for the Chinese criminal has curious ways, and your ramble in his purlieus should be made at night.
All round Bartlett Alley lie the thieves' yards and cribs; foul attics, falling balconies, underground kennels; with a few spikes of joss-wood burning at every door.
Rags rot on the ground and garbage poisons the air. Slush squirts at you from under every plank, and where the planks fail you, the earth appears to be nothing but a running sore.
Ragshops and receiving-houses hide in old pits and hollows under the plank floors.
In all these damp and loathsome holes a swarm of Asiatics wallow in the filth, their pale and ghastly faces rendered visible by the flicker of a reeking lamp.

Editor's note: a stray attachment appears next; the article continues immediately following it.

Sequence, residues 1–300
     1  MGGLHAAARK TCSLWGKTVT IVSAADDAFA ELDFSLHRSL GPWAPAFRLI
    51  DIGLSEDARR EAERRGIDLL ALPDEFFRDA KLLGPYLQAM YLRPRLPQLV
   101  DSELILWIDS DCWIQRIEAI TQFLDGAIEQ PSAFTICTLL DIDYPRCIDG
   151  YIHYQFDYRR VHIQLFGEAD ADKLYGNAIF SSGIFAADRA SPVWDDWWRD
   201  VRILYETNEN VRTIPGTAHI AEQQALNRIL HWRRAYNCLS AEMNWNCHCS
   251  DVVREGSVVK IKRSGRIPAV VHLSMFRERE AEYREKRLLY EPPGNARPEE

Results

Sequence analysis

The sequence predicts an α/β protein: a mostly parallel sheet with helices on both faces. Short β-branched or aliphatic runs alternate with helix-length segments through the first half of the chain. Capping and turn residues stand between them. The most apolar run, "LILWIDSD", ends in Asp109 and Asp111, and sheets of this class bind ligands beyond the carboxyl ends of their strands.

Fear lurks in every Mongol eye, and desperation glowers from every Mongol face.
In passing from yard to yard you catch the slam of doors, the shot of bolts, and feel by instinct that every ruffian standing behind these planks, alarmed by strange footsteps and loud voices in the dead of night, is listening at his door, with hatchet raised to strike or rifle poised to fire.